be improved to better suit the needs of new users. Your experiences are hard won, and we
would love to hear what you have to say. After all, The Definitive Guide to CentOS is here
to help, and who better to advise and provide feedback than the very people who have
made their first steps with it?

This book will let you hit the ground running, and the CentOS community will ensure
that you are able to keep in the race!

It is common for newcomers to Linux to set up servers using “consumer-grade” Linux
distributions such as Fedora and Ubuntu Desktop. Although these distributions make
great desktops, they’re not the ideal choice for a production server because the software
versions change on a regular basis. Enterprise Linux distributions such as CentOS maintain
specific software versions over an extended period of time, which helps to ensure
that you don’t have any nasty surprises (see the “Extended Support” section).

Examples of enterprise Linux are Red Hat Enterprise Linux, SUSE Linux Enterprise
Server, Ubuntu LTS, and CentOS. Examples of consumer Linux are Fedora, Ubuntu,
OpenSUSE, Gentoo, and Debian.

More:

Quote:
Enterprise Linux has gained an awful lot of attention recently—for very good reason. Linux
has a reputation for being updated and improved at an amazingly fast rate. Conventional
wisdom would suggest that this is a good thing. After all, it means you’re getting better
software, and that can’t be a bad thing, can it? Actually, it can, and this is one of the key
areas that enterprise Linux looks to resolve.

by the way, how is it that RedHat can CHARGE for their distro?

https://www.redhat.com/apps/store/desktop/

I thot the nature of Linux and the Linux license prevents that.

Same with Suse, no?
 
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Re: Continued: Linux and Shell Scripting
Reply #24 - Jul 13th, 2009 at 6:00pm
 
my course says you don't use the minus sign with options for/with the tar command, yet i have and it works.

tar -xzvf

have you heard of this? .. not using - with tar options?

sounds weird.
 
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Re: Continued: Linux and Shell Scripting
Reply #25 - Jul 13th, 2009 at 7:08pm
 
Rad wrote on Jul 13th, 2009 at 4:24pm:
wonder if that would be worth perusing, seeing that WiredTree uses CentOS 5.

Sounds like a good book right at your skill level.  I haven't read any of the "Definitive Guide to..." books, but there's a lot of them out there so they must have some success.  CentOS is a great distro to learn.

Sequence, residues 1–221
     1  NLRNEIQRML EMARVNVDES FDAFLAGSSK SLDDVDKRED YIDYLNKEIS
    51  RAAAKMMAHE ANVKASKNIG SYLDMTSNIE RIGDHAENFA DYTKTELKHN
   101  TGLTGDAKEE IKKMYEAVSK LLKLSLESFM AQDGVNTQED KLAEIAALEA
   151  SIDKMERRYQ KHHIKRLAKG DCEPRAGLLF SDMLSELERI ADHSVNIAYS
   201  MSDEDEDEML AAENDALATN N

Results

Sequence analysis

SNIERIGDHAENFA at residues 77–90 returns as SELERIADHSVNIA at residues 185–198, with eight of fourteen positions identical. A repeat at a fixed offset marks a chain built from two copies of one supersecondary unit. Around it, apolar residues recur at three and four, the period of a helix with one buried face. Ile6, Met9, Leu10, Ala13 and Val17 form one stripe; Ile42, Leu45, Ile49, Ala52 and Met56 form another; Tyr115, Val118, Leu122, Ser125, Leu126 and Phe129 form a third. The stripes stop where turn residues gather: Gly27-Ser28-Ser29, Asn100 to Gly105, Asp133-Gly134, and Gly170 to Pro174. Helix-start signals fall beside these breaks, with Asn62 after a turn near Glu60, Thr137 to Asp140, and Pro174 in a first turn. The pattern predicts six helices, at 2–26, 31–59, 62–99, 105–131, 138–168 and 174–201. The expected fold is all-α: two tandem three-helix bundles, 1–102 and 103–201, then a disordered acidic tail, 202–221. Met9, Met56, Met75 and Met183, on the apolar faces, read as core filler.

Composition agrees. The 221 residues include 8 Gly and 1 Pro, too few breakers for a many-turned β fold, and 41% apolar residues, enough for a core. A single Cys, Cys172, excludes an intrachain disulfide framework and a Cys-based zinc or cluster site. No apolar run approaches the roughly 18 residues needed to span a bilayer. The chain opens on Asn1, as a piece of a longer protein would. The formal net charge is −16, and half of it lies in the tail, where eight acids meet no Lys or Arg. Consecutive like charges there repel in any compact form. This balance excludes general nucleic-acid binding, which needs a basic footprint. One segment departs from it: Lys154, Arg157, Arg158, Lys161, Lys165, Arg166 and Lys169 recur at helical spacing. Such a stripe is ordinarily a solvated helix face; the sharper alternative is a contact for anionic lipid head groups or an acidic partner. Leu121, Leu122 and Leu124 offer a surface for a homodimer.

Rad wrote on Jul 13th, 2009 at 4:24pm:
by the way, how is it that RedHat can CHARGE for their distro?

I thot the nature of Linux and the Linux license prevents that.


Absolutely not.  Linux is licensed under the GPL.  You can do (almost) anything you want with GPL code, including sell it, as long as you make a copy available of any changes that you made to it.  Red Hat does make their source code available.  That's where CentOS comes from.

http://www.gnu.org/copyleft/gpl.html

Also, Red Hat is really selling tech support more than software.  If you purchase from Red Hat, they give you access to their tech support for a period of time (something like 3 years, I think.)


Rad wrote on Jul 13th, 2009 at 6:00pm:
my course says you don't use the minus sign with options for/with the tar command, yet i have and it works.


Ya, that's true for a few commands.  "ps" is another example where the - is optional ("ps aux" works the same as "ps -aux")
 
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Re: Continued: Linux and Shell Scripting
Reply #26 - Jul 13th, 2009 at 8:57pm
 
are you certified anything? linux-wise. rhce?
 
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Re: Continued: Linux and Shell Scripting
Reply #27 - Jul 13th, 2009 at 9:15pm
 
MrMagoo wrote on Jul 13th, 2009 at 7:08pm:
where the - is optional 

optional? well that's different from "don't use"

what's the rational behind eliminating the need for the "-" on certain commands? .. other than trying to confuse me.

MrMagoo wrote on Jul 13th, 2009 at 7:08pm:
Red Hat does make their source code available.That's where CentOS comes from.

they MUST make their source available, right? (per the GPL license) I mean, it's not a nice-guy thing they're doing, right?

If not, and they stopped, CentOS would be outta business, right?